Main points of UK budget dominated by coronovirus

AFP
London Updated: Mar 11, 2020, 11:18 PM(IST)

Rishi Sunak Photograph:( AFP )

Story highlights

The measures will be paid for by an increase in borrowing, and a previously announced decision to cancel a planned decrease in corporation tax.

Rishi Sunak's first budget since becoming Britain's finance minister was packed with big spending announcements on Wednesday, but overshadowed by the coronavirus outbreak.

The measures will be paid for by an increase in borrowing, and a previously announced decision to cancel a planned decrease in corporation tax.

Here are the main points from the chancellor of the Exchequer's inaugural announcement:

Coronavirus 

Sunak promised "the most comprehensive economic response of any government anywhere in the world to date" to address the impact of coronavirus.

He pledged £7 billion in support for the self-employed and businesses, including an extension of statutory sick pay, amid government warnings that one in five employees could be off work at the peak of the outbreak.

There is also a £5 billion "emergency response fund" for the state-run National Health Service (NHS) and other public services.

This is in addition to £18 billion in spending on public services and infrastructure "to support the economy this year", as it prepares for life outside the European Union.

"I am announcing today, in total, a £30-billion ($39-billion, 34.4-billion euros) fiscal stimulus to support British people, British jobs and British businesses through this moment," Sunak said.

"If further action is needed, as the situation evolves... I will not hesitate to act."

Brexit 

The budget is the first since Brexit, which took place on January 31, although Britain is in a transition phase until the end of the year.

Sunak, who only took over last month after predecessor Sajid Javid quit in protest over Prime Minister Boris Johnson's demands on the treasury, said that "billions of pounds we would have sent to the EU can now be spent on our priorities".

He announced that a so-called "tampon tax", a totemic issue for some Brexiteers, would be abolished now that Britain no longer had to abide by EU rules.

But the independent Office for Budget Responsibility said the economic effects of Brexit had already hit the economy since Britons voted to leave the bloc in 2016.

Potential economic output had been cut by about two percent, relative to what would have happened if they voted to stay in the EU, the office said.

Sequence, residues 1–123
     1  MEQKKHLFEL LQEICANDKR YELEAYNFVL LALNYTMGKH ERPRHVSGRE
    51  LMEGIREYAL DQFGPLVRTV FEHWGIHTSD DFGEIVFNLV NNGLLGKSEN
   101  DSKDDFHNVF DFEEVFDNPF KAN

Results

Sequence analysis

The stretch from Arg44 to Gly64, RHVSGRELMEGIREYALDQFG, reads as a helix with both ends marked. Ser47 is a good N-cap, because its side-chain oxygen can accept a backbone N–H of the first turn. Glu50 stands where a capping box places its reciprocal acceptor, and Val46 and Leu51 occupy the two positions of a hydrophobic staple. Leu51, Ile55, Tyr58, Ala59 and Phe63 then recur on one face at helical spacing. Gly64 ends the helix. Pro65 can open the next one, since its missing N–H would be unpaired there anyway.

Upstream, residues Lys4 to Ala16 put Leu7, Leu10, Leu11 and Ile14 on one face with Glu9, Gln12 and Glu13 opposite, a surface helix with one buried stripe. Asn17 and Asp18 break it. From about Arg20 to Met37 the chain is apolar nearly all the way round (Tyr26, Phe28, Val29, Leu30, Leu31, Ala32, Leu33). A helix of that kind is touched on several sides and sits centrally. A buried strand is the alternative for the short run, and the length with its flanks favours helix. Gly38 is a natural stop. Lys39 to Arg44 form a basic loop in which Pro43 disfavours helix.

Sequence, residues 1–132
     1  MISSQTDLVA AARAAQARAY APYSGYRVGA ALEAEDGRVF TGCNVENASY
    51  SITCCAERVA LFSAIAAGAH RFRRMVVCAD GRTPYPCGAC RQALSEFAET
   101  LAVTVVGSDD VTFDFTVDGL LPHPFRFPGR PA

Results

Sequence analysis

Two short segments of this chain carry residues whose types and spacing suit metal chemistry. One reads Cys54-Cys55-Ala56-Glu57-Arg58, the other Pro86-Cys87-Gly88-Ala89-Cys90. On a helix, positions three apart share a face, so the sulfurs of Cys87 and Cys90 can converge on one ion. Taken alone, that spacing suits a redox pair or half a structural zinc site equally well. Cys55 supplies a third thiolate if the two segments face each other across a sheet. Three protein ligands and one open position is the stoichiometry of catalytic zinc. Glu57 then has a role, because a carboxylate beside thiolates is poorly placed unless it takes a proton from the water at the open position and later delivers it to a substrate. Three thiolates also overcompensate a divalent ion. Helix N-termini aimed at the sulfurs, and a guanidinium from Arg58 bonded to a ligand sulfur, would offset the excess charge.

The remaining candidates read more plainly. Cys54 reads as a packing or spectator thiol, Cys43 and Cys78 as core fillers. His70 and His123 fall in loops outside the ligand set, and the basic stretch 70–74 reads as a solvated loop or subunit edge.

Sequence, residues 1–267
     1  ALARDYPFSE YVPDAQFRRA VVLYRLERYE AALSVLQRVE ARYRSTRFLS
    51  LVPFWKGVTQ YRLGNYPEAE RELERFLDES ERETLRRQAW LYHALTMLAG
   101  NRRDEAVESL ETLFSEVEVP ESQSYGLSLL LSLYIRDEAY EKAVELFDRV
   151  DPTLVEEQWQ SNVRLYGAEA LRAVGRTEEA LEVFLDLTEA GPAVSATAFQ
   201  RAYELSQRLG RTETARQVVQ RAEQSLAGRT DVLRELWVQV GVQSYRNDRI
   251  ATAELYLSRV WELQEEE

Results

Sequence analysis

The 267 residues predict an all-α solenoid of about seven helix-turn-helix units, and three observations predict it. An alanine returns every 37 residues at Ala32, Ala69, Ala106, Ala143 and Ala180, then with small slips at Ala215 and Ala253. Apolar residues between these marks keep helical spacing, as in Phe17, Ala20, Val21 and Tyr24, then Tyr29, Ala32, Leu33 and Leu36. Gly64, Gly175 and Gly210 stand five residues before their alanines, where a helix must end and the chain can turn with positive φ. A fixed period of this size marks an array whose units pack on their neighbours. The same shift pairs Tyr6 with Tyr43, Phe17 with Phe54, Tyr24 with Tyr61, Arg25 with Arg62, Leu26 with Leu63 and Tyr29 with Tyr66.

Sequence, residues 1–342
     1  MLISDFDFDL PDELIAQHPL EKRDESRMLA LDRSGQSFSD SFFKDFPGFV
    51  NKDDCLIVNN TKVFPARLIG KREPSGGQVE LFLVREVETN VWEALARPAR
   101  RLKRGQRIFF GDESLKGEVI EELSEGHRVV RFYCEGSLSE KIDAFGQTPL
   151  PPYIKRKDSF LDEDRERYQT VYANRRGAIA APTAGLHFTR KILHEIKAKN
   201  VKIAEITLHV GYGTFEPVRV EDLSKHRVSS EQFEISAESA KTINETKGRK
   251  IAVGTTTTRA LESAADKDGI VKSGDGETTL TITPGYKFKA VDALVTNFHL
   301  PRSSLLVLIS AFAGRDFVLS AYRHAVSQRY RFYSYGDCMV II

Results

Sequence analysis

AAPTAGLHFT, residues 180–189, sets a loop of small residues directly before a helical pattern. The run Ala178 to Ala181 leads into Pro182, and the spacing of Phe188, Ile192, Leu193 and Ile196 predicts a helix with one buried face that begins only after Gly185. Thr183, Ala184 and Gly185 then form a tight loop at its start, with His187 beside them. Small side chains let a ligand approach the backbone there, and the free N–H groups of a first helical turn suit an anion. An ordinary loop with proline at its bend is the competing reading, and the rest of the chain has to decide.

It blamed the loss in part on lower levels of net migration.

But it also said there was "weaker productivity growth on the back of depressed business investment and the diversion of resources from production" to Brexit preparations.

The OBR also warned that the government's plans for a free trade agreement with the EU could see a loss of around four percent of potential GDP over 15 years.

Infrastructure 

Johnson won a thumping majority in December's general election promising huge spending on infrastructure, and Sunak's budget spelled out the scale of the plans.

He promised £600 billion for infrastructure projects, leading the OBR to call it the "largest planned sustained giveaway at any fiscal event since Norman Lamont's ill-fated pre-election budget in 1992".

The OBR said the funding, which includes cash injections for roads, railways, broadband and research and development, could contribute to an extra five percent on the national debt by 2025.

Health Service 

Sunak promised an extra £6 billion boost for the NHS over the next five years, to help start work on 40 new hospitals and fund 50,000 more nurses. 

The surcharge levied on immigrants using the service will be increased to £620.

'Sin taxes' 

Duties on spirits, beer, wine and cider have all been frozen for only the second time in almost 20 years. Fuel duty will also remain unchanged.

Environment 

Sunak announced a levy of £200 per tonne on manufacturers and importers of packaging that is less than 30 percent recycled plastic, to be introduced from April 2022.

He will also abolish a diesel tax relief scheme for most industrial sectors and spend £500 million to expand the network of charging hubs for electric cars.

 

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